Did Monsanto Provide Fraudulent Data on Roundup’s Safety?

Did Monsanto Provide Fraudulent Data on Roundup’s Safety?
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The lawyers for a former school groundskeeper suing Monsanto over his terminal cancer accused the company on July 27 of submitting fraudulent study data to U.S. regulators so it could sell its Roundup herbicide. The accusation went against court orders barring testimony on the subject.

The attorneys for DeWayne Johnson were referring to a study conducted in the mid-1970’s by Industrial Bio-Test (IBT) Laboratories. The now-defunct lab was hired by Monsanto to conduct toxicology studies on glyphosate, the active ingredient in Roundup, which is a required step before the U.S. Environmental Protection Agency (EPA) will approve an herbicide.

Read: Landmark Report: Glyphosate is Most Heavily Used Herbicide in History

The agency approved Roundup for sale in 1974, based in part on IBT’s findings. However, that data was later found to contain discrepancies that invalidated the lab’s conclusions that glyphosate was safe.

When the EPA took a closer look at the data, it found that IBT routinely falsified data, and 3 of its executives were convicted of fraud, according to Johnson’s complaint.

The complaint states that an EPA reviewer said of IBT that it is “hard to believe the scientific integrity of the studies when they said they took specimens of the uterus from male rabbits.”

Yeah …male rabbits don’t have a uterus.

Testimony regarding IBT’s shoddy research practices had been excluded before trial because Monsanto was not responsible for the study and the judge didn’t want to bias the jury.

But that didn’t stop Johnson’s attorney, Brent Wisner, from questioning an expert witness July 27 about a series of animal cancer tests conducted in the early 1980’s, which suggest that Monsanto knowingly submitted bogus data to the EPA to squeeze past the agency’s licensing requirements.

Watch: How Glyphosate Attacks our Core Cellular Functions

Wisner said:

“We just established that Roundup was approved in the 1970s, yet this mouse study was done in 1983 and this rat study was done in 1981. Is it fair to say that between the original registration and [the early 1980s], there were no valid mouse or rat studies” of glyphosates carcinogenicity?

An attorney for Monsanto objected to the question, which was sustained.

Later on, however, when Wisner questioned the expert, Charles Benbrook, Benbrook admitted that Monsanto “didn’t have any valid studies” in the 1970s, despite Roundup’s 1984 approval.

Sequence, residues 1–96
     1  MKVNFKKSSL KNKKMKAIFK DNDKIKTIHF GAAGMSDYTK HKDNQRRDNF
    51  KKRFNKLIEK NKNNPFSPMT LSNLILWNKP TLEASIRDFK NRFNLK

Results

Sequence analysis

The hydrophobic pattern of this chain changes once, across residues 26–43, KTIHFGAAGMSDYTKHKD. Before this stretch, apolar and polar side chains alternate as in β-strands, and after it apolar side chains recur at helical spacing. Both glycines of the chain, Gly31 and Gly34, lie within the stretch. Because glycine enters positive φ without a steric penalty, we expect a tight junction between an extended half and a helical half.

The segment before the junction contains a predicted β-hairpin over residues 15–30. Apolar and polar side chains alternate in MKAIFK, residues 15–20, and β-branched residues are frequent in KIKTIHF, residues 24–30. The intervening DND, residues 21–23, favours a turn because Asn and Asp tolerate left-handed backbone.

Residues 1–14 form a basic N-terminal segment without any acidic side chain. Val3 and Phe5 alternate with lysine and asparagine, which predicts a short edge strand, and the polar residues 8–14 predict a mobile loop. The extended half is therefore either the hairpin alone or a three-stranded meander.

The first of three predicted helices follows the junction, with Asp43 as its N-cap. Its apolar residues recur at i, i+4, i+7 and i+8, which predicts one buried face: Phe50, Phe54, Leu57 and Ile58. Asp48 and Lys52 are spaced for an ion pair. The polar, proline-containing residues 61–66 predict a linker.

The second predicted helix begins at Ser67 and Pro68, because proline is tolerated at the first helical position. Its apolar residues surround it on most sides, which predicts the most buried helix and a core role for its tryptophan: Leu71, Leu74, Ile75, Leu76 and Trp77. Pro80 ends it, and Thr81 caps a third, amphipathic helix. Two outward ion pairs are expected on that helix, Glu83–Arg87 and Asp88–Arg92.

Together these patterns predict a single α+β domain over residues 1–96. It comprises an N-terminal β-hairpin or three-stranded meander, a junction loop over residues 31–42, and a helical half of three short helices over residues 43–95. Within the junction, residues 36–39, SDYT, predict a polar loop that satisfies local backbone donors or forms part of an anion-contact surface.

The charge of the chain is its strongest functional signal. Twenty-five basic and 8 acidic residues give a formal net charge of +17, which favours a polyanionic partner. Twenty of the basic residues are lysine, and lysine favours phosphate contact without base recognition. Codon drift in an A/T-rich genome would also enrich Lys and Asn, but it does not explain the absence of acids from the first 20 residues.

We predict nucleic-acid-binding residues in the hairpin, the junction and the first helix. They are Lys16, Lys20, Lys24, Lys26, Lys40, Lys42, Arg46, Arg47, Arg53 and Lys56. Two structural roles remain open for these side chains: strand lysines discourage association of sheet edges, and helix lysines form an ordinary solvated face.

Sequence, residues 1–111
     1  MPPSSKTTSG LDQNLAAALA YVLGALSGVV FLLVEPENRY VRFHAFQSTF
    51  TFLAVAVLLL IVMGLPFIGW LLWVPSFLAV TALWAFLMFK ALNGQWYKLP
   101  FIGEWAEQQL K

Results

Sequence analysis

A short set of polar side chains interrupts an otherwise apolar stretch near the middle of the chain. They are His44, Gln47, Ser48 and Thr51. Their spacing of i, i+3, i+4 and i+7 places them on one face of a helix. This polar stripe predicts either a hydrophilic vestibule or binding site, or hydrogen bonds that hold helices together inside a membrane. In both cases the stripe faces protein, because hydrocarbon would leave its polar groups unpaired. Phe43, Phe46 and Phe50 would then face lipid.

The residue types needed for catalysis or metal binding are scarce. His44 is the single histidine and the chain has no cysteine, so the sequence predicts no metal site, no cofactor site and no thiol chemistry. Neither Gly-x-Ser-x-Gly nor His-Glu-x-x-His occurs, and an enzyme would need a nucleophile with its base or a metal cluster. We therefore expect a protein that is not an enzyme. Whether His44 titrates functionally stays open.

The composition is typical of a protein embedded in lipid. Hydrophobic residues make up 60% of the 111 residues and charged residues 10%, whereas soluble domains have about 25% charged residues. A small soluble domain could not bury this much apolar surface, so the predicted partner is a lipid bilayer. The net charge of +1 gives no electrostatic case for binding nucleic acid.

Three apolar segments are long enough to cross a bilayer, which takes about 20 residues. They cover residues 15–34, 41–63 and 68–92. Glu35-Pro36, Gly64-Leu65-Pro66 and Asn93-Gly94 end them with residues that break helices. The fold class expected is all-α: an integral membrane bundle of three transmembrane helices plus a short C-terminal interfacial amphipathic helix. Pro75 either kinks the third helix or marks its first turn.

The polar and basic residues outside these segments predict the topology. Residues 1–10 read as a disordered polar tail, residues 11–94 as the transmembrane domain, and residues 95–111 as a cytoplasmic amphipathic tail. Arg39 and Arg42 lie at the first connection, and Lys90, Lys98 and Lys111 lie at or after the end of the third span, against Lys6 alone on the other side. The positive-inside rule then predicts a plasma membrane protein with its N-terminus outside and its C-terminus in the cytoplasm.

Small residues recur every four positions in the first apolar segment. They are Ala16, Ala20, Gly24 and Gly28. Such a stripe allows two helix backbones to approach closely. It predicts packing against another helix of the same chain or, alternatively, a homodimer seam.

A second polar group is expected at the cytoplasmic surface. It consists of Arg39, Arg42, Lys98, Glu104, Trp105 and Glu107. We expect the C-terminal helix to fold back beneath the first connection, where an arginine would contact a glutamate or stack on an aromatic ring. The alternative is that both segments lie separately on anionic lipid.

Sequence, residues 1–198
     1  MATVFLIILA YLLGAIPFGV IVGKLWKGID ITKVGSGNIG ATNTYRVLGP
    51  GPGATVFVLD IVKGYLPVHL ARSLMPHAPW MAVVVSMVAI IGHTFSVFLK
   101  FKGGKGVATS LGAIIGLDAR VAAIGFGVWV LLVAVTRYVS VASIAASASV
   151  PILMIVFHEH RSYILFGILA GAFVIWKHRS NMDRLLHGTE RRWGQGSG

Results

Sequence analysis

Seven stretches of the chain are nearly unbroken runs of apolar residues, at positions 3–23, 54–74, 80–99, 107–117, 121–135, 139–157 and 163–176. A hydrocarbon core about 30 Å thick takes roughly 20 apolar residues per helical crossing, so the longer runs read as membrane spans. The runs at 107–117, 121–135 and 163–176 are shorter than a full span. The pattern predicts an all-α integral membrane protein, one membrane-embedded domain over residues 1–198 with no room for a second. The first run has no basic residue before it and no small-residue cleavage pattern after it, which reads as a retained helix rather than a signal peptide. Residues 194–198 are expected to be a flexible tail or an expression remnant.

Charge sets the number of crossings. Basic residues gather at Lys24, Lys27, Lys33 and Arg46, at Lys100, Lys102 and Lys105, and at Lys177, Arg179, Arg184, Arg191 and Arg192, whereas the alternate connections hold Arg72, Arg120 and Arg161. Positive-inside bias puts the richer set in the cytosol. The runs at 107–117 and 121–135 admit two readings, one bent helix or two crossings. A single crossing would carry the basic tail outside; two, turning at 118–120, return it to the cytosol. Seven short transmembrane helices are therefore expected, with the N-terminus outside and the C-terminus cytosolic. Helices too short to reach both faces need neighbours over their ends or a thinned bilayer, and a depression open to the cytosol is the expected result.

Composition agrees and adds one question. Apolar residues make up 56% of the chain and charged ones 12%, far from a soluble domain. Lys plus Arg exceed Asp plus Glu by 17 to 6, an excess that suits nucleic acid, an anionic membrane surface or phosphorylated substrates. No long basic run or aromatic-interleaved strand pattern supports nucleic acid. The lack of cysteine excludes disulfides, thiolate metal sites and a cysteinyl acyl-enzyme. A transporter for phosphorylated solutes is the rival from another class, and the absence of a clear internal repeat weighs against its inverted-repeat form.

Johnson, 46, sued Monsanto in 2016 after being diagnosed with a cutaneous (skin) form of non-Hodgkin lymphoma. He developed cancerous lesions over most of his body after he was twice drenched with Roundup while spraying school grounds when he was working for the Benicia Unified School District.

He alleges in the complaint that Monsanto was aware of the carcinogenic nature of glyphosate for decades, but failed to disclose the information to the public for fear it would damage its multi-billion dollar global business.

One of the ways in which Monsanto covered up the damning data was by suppressing scientific evidence that Roundup causes cancer, including the 1983 study, according to Johnson.

The study he is referring to found a statistically significant number of benign and malignant kidney tumors in a group of male mice dosed with high amounts of glyphosate. The finding led the EPA to classify glyphosate as a possible human carcinogen in 1985.

WHO Expert: “Glyphosate is Definitely Genotoxic”

But when Monsanto re-evaluated the data, they found an additional benign tumor in the control group, which led the company to conclude that the reported cancer was no longer statistically significant.

Immediately after, the EPA withdrew its carcinogenicity finding but recommended that Monsanto repeat the study. Johnson alleges the company pressured the EPA to withdraw the finding.

Monsanto refused to repeat the study.

On cross-examination, an attorney for Monsanto said the discovery of the additional benign tumor drove the results “away from significance.”

But Wisner pointed out that the historical control group data indicated the tumors were rare, which suggested they were caused by glyphosate.

Johnson’s lawsuit is the first of thousands to go before a jury. The outcome of the trial could set the foundation for future cases.


[1] Courthouse News